AICPA and NASBA Release New UAA to Protect the Public Interest – States Move to Implement Attest Language

June 24, 2014

The American Institute of CPAs (AICPA) and National Association of State Boards of Accountancy (NASBA) have released a new edition of the profession’s model state act (the Uniform Accountancy Act).  Released on May 20, the new Uniform Accountancy Act (UAA) contains important additions related to both the definition of attest and CPA firm mobility. 

The revised UAA definition of attest states that all engagements performed under the Standards for Attestation Engagements (SSAE) can be performed only by licensed CPAs operating within a CPA firm licensed in the United States.  Before the change, the only SSAE included in the UAA definition of attest was examinations of prospective financial information. 

The need to revise the definition of attest originated after the definition was unintentionally changed when the AICPA’s Statement on Auditing Standards (SAS) 70 was reissued as SSAE 16.  The change resulted in these services no longer being covered under the UAA definition of attest.  The question then arose as to whether other SSAEs should be covered under the UAA definition of attest.  As the marketplace for attest services and the needs of clients have been changing, the AICPA and NASBA identified potential public protection “loopholes” in the attest definition.  CPAs increasingly are requested to provide assurance on a growing list of client needs that were not envisioned when the original attest standards were written.  These include sustainability reports, cloud computing, and internal control reports.  Since these were not covered under attest services, non-CPAs operating outside of CPA firms have been offering them and issuing reports using AICPA standards.  Attest services are a unique set of services that require the competency and expertise of a qualified CPA to be performed.  Both the AICPA and NASBA questioned whether non-CPAs can appropriately apply AICPA standards and reporting language.  Also, there is concern that the public may be misled when these non-CPAs offer these services using AICPA standards.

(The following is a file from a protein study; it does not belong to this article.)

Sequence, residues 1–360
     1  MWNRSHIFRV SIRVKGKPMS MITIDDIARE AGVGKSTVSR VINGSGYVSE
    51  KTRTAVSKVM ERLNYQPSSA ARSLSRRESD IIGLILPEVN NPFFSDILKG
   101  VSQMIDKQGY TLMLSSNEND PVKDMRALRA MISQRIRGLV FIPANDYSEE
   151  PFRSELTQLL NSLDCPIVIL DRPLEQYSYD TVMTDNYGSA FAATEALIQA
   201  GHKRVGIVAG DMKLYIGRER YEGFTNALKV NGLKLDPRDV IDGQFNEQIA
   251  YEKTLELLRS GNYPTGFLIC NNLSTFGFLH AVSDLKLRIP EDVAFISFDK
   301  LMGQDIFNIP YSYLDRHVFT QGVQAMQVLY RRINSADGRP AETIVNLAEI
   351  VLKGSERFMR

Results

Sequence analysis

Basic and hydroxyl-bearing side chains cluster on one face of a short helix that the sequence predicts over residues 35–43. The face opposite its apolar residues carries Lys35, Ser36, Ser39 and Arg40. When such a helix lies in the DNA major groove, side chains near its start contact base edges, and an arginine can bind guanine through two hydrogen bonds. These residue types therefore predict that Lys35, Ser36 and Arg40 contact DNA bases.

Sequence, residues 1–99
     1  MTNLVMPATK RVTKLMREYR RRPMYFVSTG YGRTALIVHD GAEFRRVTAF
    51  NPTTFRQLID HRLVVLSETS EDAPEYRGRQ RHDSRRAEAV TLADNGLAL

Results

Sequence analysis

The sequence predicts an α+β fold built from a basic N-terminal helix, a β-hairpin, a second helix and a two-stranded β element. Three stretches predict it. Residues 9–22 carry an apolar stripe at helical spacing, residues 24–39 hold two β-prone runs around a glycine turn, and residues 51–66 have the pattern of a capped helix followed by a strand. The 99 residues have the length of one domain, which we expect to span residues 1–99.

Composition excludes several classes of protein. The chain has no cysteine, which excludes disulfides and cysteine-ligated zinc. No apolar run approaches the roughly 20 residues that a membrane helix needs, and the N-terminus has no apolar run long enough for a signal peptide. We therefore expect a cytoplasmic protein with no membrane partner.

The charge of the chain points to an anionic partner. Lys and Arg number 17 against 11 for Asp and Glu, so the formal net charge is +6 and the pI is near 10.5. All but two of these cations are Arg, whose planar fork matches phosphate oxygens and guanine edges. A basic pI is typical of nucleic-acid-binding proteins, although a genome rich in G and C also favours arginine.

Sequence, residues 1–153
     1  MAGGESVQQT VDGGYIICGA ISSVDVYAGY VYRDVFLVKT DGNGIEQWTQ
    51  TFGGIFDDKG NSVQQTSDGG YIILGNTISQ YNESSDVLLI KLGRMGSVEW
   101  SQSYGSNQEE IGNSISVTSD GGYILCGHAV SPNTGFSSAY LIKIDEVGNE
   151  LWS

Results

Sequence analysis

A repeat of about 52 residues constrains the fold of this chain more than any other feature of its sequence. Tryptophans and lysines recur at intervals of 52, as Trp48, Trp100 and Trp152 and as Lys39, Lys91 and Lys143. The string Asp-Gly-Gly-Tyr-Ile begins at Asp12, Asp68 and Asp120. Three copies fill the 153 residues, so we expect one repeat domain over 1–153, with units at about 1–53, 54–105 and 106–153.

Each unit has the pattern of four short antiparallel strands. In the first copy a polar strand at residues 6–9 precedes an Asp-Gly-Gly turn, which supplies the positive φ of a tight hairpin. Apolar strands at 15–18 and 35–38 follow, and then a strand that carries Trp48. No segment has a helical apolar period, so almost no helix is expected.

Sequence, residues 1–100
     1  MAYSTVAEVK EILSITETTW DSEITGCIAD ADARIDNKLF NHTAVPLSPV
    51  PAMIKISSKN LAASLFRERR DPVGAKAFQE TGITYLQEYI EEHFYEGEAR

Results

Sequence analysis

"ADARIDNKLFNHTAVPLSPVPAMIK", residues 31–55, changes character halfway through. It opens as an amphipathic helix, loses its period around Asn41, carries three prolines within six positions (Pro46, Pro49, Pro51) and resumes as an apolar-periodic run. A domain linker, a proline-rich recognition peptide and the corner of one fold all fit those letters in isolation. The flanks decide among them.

Currently, 21 U.S. jurisdictions have attest language in their accounting statutes similar to the public protection language contained in the new UAA.  Five have taken action this year (Alabama, Arizona, Georgia, Indiana, and the U.S. Virgin Islands), and many more have indicated that they plan to update their statutes in 2015 or 2016.  It is important for states that have yet to update their accounting statutes to consider doing so, and the AICPA is strongly committed to working with state CPA societies, NASBA and state boards of accountancy to see definition of attest legislation passed in all of the remaining U.S. states and jurisdictions as soon as possible.

The new UAA also includes language permitting CPA firm mobility, which allows a CPA firm to provide attest services in another state where it is not registered and does not have a physical office, under a “no notice, no fee, no escape” system.  Under firm mobility, the firm is subject to the full regulatory oversight of the state it is visiting as well as the firm’s home state.  In addition, in order to qualify for firm mobility privileges, a CPA firm must meet the peer review requirements and CPA-ownership requirements of the state in which it is seeking to practice.  If the firm cannot meet those requirements, then it must obtain a license in the practice privilege state before providing attest services there.  The inclusion of firm mobility in the UAA could provide incentive for legislation to be introduced in more states.  However, the AICPA and NASBA understand that each state will have to consider state-specific factors in determining whether or not to pursue a CPA firm mobility law.

For more information on the new 7th Edition of the UAA, please contact Mat Young, Vice President, State Regulatory and Legislative Affairs at